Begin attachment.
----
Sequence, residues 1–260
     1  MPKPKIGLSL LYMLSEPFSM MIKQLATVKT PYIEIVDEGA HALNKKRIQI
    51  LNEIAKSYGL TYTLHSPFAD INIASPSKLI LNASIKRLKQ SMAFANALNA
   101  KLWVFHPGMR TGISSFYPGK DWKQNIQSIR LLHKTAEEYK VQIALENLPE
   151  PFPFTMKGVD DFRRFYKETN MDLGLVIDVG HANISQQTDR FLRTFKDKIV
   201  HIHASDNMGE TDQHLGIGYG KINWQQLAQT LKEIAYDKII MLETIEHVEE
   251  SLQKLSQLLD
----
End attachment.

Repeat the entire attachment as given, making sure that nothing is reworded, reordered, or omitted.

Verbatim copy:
Sequence, residues 1–260
     1  MPKPKIGLSL LYMLSEPFSM MIKQLATVKT PYIEIVDEGA HALNKKRIQI
    51  LNEIAKSYGL TYTLHSPFAD INIASPSKLI LNASIKRLKQ SMAFANALNA
   101  KLWVFHPGMR TGISSFYPGK DWKQNIQSIR LLHKTAEEYK VQIALENLPE
   151  PFPFTMKGVD DFRRFYKETN MDLGLVIDVG HANISQQTDR FLRTFKDKIV
   201  HIHASDNMGE TDQHLGIGYG KINWQQLAQT LKEIAYDKII MLETIEHVEE
   251  SLQKLSQLLD